If the retro look isn’t exactly your thing and the paneling in your 1960s and 70s era home has you squeezing your eyes shut in agony, never fear!
You don’t have to remove it to bring your home into the 21st Century. Simply painting over paneling would bring a more modern, updated and brighter look.
Before you begin the wood paneling makeover project, gather the tools you will need to complete the job.
Items you will need
Soap and water
Sandpaper. 220 grit is best
Multi-purpose primer sealant
Interior latex paint in a color you love!
3/6 roller cover for each of your paint brushes
Paint roller trays
Be sure that you are confident in your decision of painting over paneling before you begin the project. If you aren’t sure you want to paint, pick an out-of-the-way spot on your wall and do test swipe or two and see if it speaks to your inner designer. If it does, you are ready to move forward.
You should check to ensure that the wall with the paneling you want to paint is made of real wood prior to beginning the project. Some wall paneling is actually made of vinyl that simulates how the wood looks.
Here’s how you check for this: Simply sand a small area of the wall. If it is a vinyl coating, it will come off quickly and you’ll soon spot the pressboard that is underneath it. If this is the case, be extra careful when applying both the primer and paint to the wall after you have removed the vinyl coating.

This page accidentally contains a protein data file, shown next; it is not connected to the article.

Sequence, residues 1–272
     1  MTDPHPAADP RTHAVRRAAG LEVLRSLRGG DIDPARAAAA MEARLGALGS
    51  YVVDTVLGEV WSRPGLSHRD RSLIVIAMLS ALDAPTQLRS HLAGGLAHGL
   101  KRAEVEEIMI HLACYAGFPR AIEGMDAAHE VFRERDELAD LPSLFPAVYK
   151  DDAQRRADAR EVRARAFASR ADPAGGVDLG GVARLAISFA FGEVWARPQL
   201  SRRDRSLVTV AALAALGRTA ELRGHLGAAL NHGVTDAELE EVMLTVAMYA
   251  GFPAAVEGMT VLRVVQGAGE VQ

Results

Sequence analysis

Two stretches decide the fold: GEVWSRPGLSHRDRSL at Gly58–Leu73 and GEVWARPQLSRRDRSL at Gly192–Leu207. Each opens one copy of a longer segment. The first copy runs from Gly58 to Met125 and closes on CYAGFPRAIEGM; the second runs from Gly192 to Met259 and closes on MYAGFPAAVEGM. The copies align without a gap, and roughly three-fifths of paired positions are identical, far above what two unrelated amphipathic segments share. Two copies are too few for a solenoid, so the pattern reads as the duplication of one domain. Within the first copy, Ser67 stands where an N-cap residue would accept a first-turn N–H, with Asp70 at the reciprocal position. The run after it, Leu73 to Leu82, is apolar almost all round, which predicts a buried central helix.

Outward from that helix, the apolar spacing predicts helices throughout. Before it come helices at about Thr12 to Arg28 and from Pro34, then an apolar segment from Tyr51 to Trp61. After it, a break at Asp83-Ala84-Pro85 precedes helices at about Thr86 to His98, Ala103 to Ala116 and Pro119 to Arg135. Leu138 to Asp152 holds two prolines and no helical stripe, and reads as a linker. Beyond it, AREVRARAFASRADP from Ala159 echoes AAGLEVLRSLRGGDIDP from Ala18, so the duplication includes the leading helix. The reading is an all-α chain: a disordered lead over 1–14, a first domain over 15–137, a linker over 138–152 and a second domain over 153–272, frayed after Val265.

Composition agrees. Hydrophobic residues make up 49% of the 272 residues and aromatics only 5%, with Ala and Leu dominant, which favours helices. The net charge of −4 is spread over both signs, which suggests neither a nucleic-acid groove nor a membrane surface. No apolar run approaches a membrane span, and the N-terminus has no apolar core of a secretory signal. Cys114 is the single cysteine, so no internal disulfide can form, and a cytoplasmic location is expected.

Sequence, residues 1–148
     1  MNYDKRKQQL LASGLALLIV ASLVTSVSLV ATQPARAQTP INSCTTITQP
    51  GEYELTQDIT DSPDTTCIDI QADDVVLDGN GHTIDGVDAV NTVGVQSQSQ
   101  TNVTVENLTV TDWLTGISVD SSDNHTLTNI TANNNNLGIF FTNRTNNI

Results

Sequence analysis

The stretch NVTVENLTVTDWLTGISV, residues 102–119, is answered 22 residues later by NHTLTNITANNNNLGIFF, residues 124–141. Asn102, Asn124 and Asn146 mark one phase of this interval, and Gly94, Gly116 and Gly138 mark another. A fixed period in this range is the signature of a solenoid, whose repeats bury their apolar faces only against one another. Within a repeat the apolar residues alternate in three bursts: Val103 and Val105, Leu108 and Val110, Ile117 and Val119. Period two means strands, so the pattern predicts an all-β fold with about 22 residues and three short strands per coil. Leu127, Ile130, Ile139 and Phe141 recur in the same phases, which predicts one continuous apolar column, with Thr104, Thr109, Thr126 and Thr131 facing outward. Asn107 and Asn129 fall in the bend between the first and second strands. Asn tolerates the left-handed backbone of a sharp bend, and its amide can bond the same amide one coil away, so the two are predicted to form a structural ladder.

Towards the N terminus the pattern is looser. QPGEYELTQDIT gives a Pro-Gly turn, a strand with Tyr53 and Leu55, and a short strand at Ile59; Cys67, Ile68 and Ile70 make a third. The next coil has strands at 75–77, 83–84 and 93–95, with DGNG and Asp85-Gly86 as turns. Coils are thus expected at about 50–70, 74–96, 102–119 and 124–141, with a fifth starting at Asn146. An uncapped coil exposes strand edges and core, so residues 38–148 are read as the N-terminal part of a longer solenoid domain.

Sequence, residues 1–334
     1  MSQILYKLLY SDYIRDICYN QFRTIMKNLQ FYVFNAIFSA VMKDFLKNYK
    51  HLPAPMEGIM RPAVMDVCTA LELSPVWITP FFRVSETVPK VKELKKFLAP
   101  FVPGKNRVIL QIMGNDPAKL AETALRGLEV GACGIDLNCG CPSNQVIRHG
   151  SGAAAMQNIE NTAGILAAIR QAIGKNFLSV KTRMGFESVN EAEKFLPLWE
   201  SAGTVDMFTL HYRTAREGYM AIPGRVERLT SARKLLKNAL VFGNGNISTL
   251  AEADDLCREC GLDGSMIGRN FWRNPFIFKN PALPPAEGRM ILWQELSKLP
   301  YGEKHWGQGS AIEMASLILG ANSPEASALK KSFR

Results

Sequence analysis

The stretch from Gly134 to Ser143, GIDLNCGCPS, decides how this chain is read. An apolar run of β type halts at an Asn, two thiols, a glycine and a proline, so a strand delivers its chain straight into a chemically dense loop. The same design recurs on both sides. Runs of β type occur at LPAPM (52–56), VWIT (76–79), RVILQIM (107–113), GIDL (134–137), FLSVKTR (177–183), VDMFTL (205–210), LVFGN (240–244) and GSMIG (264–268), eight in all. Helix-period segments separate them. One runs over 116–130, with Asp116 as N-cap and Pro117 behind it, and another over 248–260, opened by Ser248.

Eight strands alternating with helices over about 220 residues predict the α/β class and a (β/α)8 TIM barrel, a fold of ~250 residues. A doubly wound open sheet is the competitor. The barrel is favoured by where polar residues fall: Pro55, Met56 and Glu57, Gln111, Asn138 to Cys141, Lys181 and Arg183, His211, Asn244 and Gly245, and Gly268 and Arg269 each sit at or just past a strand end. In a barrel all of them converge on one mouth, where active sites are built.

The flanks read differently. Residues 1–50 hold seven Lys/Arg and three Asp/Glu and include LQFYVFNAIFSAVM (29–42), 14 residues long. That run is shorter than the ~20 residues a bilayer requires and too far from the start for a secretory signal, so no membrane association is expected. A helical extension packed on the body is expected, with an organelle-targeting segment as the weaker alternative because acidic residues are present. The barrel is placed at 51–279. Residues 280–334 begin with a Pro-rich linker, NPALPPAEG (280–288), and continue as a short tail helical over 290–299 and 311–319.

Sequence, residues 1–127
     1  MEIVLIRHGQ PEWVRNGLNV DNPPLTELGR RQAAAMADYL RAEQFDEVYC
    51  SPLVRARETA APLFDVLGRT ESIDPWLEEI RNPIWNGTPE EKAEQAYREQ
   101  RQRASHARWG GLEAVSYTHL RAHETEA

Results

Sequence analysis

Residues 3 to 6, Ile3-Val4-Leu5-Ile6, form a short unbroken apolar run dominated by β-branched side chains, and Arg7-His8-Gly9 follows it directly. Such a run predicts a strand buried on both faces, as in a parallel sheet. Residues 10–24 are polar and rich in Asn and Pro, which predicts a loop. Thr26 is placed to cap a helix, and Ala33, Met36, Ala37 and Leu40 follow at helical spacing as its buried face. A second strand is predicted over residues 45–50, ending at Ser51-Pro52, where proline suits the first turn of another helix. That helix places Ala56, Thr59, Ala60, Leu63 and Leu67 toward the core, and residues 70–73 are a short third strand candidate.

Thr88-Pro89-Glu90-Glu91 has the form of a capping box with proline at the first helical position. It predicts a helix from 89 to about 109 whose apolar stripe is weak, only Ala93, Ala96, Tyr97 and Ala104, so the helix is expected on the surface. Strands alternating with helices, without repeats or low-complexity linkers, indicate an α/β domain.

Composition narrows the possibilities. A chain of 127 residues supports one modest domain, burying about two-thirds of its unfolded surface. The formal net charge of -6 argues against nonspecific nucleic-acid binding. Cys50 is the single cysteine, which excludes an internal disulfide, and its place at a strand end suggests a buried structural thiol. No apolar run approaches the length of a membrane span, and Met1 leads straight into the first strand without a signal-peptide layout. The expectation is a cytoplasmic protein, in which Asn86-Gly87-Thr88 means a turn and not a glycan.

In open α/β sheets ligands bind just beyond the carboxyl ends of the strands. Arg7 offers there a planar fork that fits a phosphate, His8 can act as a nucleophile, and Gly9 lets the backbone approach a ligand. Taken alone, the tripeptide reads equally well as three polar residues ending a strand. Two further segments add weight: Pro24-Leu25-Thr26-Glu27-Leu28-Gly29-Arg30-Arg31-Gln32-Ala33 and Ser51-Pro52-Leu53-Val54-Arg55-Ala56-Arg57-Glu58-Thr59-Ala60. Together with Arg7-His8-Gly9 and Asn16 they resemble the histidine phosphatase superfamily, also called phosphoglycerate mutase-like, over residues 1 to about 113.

Clean and prime the wall
Before you paint, be sure the wall is free of dirt and oil. Use a mild detergent (dishwashing liquid works great) to wash the wall down.
After the wall has completely dried (this can take a few hours), break out the 220 grit sandpaper and lightly sand it down. To make the job easier, consider using a pole sander or ease your work with orbital sander. After the wall has been completely sanded, use a damp cloth to wipe away the dust and debris.
If your paneling has grooves that are 1/8 an inch or less and you want to minimize their appearance, use a putty knife to apply a lightweight spackle to fill them in. After the spackle has dried, use a sanding block to make it smooth and give it a uniform appearance.
Now it’s primer time. Mask off the ceiling, trim and baseboards before you begin. Be sure to use a stain blocking primer and a 3/8-inch roller cover for the job.
Tip: If your paneling has knots, use a shellac-based primer to prevent the color of the knot from bleeding through the primer.
With your brush, apply the primer along the perimeter of the paneling. Begin at the top corner of the wall and then continue along the ceiling and baseboards.
Use the brush to remove any excess primer that gathers in the grooves. It will take at least 24 hours for the primer to completely dry and it is best to apply two coats before you paint.
Paint wood paneling
After you’ve primed the wall and its dry, you can move on to painting. Pour your paint into the tray and work the roller around until it is completely covered. Starting at the top corner of the wall, paint from top to bottom in three-foot increments.
After the first coat of paint has dried (again, give it 24 hours) apply a second coat in a similar manner.
When your DIY wall paneling paint project is complete, you will have changed the color of the panels themselves, but the grooves will remain their former color.